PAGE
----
Archives New Zealand provides appraisal and recordkeeping advice to help central and local government meet their needs for best practice recordkeeping systems. For a full description of these services, please see the Services to Public Offices page of this website. Our services and resources include:
Archives New Zealand provides access to the archives we hold. For more information on our reference services, please see the Research and Ordering section on our website.
Archives New Zealand is also dedicated to providing archival training, facilitation and advice in the community. For more information see the Services to Community page.
Our services are targeted at central and local government agencies. However, the principles of good recordkeeping are common to all organisations, whether public or private. Any organisation is welcome to make use of our publications, which provide guidance on recordkeeping best practice. Copies can be downloaded at no charge from our Recordkeeping Publications page or requested directly from Archives New Zealand.
Recordkeeping publications, advice, visits and talks are free to public offices and local authorities covered by the Public Records Act 2005. Other services such as boxes and labels used in transfers, are also free to public offices.
There are a few services for which Archives New Zealand does charge. These include training courses, photocopying or other reproduction costs, urgent government loans, subscriptions to our technical library and some preservation services such as building condition surveys.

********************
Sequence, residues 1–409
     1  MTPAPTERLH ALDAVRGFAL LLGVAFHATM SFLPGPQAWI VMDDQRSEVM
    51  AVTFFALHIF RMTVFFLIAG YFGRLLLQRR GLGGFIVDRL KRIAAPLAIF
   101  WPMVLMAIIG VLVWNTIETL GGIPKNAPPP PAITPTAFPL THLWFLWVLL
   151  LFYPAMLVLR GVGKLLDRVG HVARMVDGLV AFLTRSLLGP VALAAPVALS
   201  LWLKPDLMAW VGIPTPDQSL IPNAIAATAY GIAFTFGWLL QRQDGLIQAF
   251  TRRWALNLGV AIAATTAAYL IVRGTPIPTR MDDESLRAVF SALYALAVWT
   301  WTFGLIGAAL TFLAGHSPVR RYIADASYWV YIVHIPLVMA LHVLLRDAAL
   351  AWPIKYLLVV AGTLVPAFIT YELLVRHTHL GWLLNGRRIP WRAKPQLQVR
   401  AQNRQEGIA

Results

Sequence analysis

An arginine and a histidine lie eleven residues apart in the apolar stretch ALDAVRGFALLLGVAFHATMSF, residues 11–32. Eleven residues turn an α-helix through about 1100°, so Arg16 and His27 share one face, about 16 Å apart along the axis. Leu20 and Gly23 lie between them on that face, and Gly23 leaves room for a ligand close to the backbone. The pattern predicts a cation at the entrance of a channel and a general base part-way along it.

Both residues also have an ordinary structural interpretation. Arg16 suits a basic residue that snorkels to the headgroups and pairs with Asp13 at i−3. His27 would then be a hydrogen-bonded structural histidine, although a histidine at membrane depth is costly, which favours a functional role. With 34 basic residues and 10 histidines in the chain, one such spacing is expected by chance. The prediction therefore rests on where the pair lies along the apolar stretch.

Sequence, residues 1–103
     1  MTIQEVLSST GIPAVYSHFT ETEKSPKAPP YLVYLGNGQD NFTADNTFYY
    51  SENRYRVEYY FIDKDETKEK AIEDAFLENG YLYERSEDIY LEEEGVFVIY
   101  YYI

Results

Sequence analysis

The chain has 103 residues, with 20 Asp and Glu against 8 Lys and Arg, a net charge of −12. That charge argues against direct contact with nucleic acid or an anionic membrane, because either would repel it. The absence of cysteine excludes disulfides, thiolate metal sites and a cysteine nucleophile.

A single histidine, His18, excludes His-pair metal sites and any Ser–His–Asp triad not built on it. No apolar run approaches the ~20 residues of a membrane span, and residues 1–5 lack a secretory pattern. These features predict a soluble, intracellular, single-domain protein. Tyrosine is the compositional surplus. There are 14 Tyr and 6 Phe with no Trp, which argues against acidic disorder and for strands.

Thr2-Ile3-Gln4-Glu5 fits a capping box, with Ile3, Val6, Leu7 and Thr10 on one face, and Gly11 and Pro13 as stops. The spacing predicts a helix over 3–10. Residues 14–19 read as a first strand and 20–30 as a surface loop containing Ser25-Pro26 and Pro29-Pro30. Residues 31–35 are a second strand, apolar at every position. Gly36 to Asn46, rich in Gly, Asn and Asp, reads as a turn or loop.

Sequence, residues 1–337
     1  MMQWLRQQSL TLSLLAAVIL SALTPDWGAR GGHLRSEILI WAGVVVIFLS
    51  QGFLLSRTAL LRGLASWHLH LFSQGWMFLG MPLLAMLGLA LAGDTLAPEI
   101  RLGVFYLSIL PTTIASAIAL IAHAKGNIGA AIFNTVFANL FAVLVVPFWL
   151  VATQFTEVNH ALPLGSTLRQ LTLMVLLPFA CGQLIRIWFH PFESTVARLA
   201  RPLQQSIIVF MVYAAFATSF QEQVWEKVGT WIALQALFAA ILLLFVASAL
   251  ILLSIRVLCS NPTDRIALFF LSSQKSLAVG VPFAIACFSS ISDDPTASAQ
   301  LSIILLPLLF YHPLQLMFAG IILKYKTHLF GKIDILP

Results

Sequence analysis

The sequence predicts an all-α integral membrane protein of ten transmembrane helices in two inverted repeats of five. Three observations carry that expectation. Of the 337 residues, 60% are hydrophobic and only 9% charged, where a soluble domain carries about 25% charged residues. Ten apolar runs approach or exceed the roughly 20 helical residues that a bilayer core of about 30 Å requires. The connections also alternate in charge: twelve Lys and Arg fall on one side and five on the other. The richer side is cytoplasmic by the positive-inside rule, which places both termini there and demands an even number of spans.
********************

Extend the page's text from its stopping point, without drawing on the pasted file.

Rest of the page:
Recordkeeping publications are free to public offices and local authorities covered by the Public Records Act 2005. Services such as advice, visits and talks, are also free to public offices and local authorities.
The Public Records Act 2005 s33-35, requires the Chief Archivist to commission independent audits of recordkeeping in public offices. The audits will begin in 2010 and each public office will be audited every five to 10 years. From 2011 we will audit between 40 and 50 offices each year.
We will give Chief Executives at least six months notice of our intention to conduct an audit.
For more information on our audit programme see the Public Records Act Audit Programme page.
Archives New Zealand can set standards under the Public Records Act 2005, which can be either mandatory or discretionary. Currently Archives New Zealand has four mandatory standards including:
Archives New Zealand also has three discretionary best practice standards including:
Before we issue standards we consult with all the organisations to which the standard will apply. For more information on the development of standards, please see the Standards Strategy and Methodology on this website.
The current Archives New Zealand standards are available for download from our publications page.
A record is ‘information created, received, and maintained as evidence and information by an organisation or person, in pursuance of legal obligations or the transaction of business’ (ISO 15489). Very broadly this means that a record is any documentation or evidence of activity.
Examples could include (but are not limited to) a signed contract, meeting minutes, invoices and correspondence (including e-mails). See Fact Sheet: Make a Record for further information.